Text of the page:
State of the Land – Paid Sick Leave

PaidSickLeave.BlogThe news is rife with calls for paid sick leave from president Obama, Congress, state legislatures and voters. The tide certainly seems to be in favor of PSL. As this movement is taking place at the federal, state, and local levels it can be very confusing for employers to know what to do. Accordingly, MSEC hopes members find this chart useful.

As of June 1, 2015, the following jurisdictions have adopted PSL laws:


Effective Date


July 1, 2015


January 1, 2012

District of Columbia

May 13, 2008


July 1, 2015 (transition relief has been approved)

Bloomfield, NJ

June 30, 2015*

East Orange, NJ

January 7, 2015

Eugene, OR

July 1, 2015*

Irvington, NJ

January 28, 2015

Jersey City, NJ

January 24, 2014

Los Angeles, CA

July 1, 2015*

Montclair, NJ

March 4, 2015

New York City, NY

April 1, 2014

Newark, NJ

May 29, 2014

Oakland, CA

March 2, 2015

Passaic, NJ

January 1, 2015

Paterson, NJ

January 8, 2015

Philadelphia, PA

May 13, 2015

Portland, OR

January 1, 2014

San Francisco, CA

February 5, 2007

Seattle, WA

September 1, 2012

Tacoma, WA

February 1, 2016*

Trenton, NJ

March 4, 2015

*Anticipated effective dates.

All of these laws have their own nuances, making it very challenging for employers. Additionally, employers with California employees need to navigate compliance with both city and state requirements, which can be very different. Multi-state employers may have to implement state-specific, or even city-specific, sick leave policies.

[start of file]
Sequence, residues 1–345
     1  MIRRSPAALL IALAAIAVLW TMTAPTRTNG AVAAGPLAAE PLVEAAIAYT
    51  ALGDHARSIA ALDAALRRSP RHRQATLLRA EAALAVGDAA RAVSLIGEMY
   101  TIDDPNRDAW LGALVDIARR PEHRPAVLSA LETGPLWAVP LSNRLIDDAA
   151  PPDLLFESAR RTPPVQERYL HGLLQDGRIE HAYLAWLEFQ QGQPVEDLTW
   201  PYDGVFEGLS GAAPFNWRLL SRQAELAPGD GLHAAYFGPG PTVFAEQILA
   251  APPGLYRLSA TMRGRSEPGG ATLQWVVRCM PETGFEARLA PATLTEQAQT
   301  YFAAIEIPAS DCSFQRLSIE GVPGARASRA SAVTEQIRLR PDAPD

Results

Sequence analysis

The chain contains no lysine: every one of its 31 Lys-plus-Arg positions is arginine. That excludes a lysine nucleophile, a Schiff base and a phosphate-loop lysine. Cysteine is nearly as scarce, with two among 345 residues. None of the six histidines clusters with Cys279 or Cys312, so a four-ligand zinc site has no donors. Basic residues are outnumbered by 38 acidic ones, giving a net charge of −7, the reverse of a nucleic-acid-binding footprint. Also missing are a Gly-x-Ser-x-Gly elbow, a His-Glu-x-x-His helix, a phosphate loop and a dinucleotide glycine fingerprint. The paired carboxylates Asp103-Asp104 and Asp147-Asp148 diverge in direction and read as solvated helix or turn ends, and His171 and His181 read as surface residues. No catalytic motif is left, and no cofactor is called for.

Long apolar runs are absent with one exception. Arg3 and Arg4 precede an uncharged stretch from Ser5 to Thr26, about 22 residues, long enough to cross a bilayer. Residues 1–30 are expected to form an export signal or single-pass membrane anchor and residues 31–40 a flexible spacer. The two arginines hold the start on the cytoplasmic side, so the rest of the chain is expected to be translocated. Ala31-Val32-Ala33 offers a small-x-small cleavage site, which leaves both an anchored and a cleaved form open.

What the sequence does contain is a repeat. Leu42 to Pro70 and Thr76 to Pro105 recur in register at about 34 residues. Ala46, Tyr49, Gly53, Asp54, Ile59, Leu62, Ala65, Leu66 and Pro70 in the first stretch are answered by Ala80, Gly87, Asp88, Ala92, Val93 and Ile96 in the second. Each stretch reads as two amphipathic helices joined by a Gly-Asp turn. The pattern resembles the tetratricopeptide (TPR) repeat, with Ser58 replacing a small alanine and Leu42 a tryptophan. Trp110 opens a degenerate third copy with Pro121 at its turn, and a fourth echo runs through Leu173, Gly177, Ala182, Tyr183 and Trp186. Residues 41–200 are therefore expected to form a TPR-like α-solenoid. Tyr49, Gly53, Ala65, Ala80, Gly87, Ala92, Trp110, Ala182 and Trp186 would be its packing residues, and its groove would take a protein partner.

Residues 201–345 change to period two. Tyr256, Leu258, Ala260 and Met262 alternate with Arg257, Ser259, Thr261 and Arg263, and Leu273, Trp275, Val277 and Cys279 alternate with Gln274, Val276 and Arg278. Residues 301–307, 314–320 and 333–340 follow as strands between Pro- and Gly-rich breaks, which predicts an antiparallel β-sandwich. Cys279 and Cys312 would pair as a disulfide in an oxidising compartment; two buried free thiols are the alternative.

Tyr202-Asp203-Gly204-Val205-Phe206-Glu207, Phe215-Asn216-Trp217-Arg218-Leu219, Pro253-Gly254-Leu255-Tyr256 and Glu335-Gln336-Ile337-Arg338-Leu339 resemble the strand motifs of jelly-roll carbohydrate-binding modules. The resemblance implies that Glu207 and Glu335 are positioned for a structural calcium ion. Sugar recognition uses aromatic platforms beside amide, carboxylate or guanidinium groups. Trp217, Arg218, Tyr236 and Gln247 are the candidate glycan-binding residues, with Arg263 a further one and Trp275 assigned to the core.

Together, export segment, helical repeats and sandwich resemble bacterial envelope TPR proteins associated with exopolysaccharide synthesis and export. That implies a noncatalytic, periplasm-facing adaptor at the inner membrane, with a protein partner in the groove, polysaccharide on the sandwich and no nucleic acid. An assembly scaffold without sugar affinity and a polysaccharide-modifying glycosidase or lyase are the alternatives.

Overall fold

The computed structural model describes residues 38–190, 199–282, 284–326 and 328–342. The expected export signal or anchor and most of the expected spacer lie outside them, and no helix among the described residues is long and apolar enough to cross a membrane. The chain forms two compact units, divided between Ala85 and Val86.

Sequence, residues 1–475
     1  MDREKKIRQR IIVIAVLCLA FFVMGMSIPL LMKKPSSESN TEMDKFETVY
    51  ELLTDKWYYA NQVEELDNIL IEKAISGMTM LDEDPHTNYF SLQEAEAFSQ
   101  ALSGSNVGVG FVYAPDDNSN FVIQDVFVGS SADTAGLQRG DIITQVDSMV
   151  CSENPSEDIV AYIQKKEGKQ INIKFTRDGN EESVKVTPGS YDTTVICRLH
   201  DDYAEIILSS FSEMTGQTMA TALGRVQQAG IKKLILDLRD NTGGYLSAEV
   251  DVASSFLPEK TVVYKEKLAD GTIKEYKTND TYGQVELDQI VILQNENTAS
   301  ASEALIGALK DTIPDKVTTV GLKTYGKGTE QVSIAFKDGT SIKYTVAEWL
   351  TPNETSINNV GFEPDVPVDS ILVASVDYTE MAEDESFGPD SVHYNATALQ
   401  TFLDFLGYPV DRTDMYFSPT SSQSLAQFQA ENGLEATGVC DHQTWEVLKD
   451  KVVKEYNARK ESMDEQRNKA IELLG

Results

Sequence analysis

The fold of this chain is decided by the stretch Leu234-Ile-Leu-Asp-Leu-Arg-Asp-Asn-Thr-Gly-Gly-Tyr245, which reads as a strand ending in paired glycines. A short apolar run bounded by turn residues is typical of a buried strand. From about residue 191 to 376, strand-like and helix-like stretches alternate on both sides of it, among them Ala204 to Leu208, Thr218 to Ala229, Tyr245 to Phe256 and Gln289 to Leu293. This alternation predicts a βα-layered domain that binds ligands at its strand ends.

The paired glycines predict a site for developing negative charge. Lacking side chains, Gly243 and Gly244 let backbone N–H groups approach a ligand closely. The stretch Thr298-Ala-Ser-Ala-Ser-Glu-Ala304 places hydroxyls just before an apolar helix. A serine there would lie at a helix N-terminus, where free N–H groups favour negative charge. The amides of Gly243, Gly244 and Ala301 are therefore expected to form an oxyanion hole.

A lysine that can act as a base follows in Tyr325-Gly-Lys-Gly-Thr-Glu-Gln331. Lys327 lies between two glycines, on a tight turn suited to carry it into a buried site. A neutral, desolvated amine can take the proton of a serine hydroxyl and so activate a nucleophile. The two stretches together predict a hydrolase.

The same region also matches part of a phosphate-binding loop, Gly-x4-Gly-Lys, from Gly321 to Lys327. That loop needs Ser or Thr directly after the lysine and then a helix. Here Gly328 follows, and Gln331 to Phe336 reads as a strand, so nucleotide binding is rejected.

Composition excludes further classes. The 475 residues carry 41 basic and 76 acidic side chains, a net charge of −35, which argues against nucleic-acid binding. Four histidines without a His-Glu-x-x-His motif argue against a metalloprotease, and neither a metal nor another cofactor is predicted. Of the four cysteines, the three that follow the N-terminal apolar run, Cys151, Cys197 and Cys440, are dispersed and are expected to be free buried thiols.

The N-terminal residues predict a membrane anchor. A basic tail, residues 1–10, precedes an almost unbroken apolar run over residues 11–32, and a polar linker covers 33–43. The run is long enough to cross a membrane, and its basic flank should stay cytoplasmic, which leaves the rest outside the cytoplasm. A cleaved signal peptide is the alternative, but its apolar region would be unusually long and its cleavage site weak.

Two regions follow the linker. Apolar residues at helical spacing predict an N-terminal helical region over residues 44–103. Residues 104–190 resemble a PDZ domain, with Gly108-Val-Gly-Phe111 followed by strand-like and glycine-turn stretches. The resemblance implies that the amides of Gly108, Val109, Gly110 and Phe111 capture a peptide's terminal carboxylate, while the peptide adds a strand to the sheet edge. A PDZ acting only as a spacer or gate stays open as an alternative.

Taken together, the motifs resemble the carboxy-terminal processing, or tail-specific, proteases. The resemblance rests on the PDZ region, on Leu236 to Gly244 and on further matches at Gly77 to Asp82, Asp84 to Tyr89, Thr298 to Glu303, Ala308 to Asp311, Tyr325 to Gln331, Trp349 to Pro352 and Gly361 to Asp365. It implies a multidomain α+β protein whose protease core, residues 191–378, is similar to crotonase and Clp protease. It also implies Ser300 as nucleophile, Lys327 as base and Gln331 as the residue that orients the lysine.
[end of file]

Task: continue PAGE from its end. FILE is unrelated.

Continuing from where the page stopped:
The blanket term,“PSL laws” can be misleading. In a lot of instances, the employer is required to provide time off to employees who are victims of domestic violence or for other non-medical reasons. Some of these laws apply to all employers, regardless of size. In addition, these laws don’t uniformly define “work” for purposes of earning PSL in a particular jurisdiction. An employee who considers another state or another city their home work site may nevertheless earn PSL just by working some hours in the state or city that has PSL.

Opposition to PSL is growing. Arizona, Florida, Georgia, Indiana, Louisiana, Kansas, Mississippi, North Carolina, Oklahoma, Tennessee, and Wisconsin have enacted laws that ban municipalities from passing PSL laws. 

As always, don’t hesitate to seek assistance from MSEC attorneys as you navigate these laws.